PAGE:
They started cooking food inspired by Chloe’s heritage during lockdown in a Nottinghamshire village and advertised a curry Friday. Soon there were socially distanced queues of appreciative diners stretching from their village to the next with tongues lolling, mouths watering.
All the food is good but Archchi's cauliflower bites (£6) are at once and instantly the best cauliflower dish in the city. They are gently spiced and cooked tender not loose, just so, with a fabulous sambol, a traditional Sir Lankan relish that comes with parsley and coconut. The sambol lifts and invigorates. Next time I watch a match on TV I want a big bowl of these to munch during the game.
Jonathan Schofield @jonathschofield
Cured monkfish, celeriac, buttermilk and dill dressing, Restaurant Örme (£9)
There are sure signs of a new restaurant ‘shooting for the stars’. Not least a swift Michelin recognition but, while it surprised few that higher profile city centre Higher Ground was one of 15 establishments elevated to the UK Guide last month, the other Greater Manchester addition came out of leftfield. Especially to those who might regard Urmston as Ultima Thule for a meal out. Still two nominations (newcomer of the year and neighbourhood venue) in the 2023 Manchester Food and Drink Awards consolidate the real impact Örme has made since only opening in May.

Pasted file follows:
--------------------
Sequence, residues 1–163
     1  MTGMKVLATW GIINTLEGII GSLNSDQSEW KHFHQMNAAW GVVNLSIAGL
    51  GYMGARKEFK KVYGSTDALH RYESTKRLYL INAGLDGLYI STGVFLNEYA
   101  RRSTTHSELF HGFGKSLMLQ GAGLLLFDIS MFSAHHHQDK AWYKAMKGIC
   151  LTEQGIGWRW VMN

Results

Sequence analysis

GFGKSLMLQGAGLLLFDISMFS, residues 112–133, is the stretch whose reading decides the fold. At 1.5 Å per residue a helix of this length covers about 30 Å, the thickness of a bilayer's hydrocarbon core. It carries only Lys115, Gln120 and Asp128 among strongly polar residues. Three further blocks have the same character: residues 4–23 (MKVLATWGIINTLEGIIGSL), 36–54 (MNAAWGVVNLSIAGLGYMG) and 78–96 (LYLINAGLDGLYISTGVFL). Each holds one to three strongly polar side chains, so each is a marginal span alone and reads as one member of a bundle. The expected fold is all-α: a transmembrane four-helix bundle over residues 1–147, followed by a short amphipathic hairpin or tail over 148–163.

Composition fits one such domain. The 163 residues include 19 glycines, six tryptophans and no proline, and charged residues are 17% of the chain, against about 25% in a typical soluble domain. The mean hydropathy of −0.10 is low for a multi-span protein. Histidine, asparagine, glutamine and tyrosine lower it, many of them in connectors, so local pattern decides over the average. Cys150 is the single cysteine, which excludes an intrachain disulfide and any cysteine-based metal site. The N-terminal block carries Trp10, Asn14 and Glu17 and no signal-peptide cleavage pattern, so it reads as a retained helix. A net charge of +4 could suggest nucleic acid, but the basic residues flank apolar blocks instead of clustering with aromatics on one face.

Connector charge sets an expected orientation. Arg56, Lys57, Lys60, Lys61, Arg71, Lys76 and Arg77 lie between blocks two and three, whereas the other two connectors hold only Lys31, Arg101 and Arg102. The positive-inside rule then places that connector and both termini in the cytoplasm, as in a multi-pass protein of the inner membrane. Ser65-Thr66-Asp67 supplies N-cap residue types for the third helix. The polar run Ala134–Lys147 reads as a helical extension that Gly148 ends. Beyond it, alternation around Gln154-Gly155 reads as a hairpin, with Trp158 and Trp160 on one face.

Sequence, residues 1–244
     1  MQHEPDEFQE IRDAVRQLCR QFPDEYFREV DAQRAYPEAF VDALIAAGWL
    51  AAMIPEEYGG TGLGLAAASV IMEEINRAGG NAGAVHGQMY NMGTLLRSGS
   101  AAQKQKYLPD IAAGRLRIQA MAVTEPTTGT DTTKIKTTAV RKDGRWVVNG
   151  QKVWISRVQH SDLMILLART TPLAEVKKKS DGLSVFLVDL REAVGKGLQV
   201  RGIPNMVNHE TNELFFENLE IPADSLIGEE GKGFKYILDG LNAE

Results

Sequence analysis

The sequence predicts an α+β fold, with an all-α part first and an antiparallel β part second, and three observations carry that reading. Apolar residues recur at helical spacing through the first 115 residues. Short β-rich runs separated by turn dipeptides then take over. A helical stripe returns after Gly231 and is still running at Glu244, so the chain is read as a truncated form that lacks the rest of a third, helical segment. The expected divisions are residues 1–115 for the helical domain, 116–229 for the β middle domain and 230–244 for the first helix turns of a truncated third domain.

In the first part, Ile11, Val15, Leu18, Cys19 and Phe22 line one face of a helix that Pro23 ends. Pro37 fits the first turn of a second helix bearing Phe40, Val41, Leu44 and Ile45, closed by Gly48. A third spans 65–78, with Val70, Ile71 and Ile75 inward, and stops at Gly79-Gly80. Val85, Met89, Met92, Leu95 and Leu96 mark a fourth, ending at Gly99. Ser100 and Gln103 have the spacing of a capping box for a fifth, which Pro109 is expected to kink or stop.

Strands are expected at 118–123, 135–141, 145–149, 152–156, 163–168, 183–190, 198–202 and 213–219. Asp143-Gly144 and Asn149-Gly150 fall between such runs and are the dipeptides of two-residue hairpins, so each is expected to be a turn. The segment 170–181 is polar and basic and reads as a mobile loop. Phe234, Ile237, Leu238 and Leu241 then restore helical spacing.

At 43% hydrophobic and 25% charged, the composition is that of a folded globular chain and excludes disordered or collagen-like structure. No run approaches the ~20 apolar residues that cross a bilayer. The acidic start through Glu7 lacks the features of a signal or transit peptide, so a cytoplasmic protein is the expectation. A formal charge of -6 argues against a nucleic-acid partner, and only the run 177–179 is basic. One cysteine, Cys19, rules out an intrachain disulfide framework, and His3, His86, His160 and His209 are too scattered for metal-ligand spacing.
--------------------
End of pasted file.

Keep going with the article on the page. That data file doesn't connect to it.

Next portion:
My own extra judging criteria are twofold – a shelf full of cutting edge cookbooks (that have influenced the team) and the presence on the premises of a pet dog named after fermented soybeans. OK, maybe not the second, but it was a pleasure out in the yard to shake paws with Miso the shiba inu pup, who belongs to chef Jack Fields and sommelier partner Rachel Roberts. The pair launched Örme with co-chef Tom Wilson in the boys’ native ‘hood, offering £45 tasting menus. I trekked out (on a day when floods took out the railway line, bless) to sample the four course £35 Saturday lunch version, where the dish that caught my eye was an add-on of cured monkfish for a £9 supplement. Brief hesitation since the second course, after seriously good snacks, had been a cod in bisque but this dip in the deep was quite different, the pickled celeriac adding punch to the delicately dressed, diaphanous monkfish wafers. Very Nordic. On my return home it had impressionable me diving for my own copy of the Noma Book of Fermentation.
Neil Sowerby @AntonEgoManc
Pork broth combo Bun Bo Hue, The Mekong Cat (£12.50)
I’m not a fan of liquid based food. Soups, broths, stews – I usually can’t be bothered. Too much faff, too much concentration required, too much slurping. However after a recent visit to the excellent Mekong Cat in Stockport I was forced to eat my words. Or slurp them down even.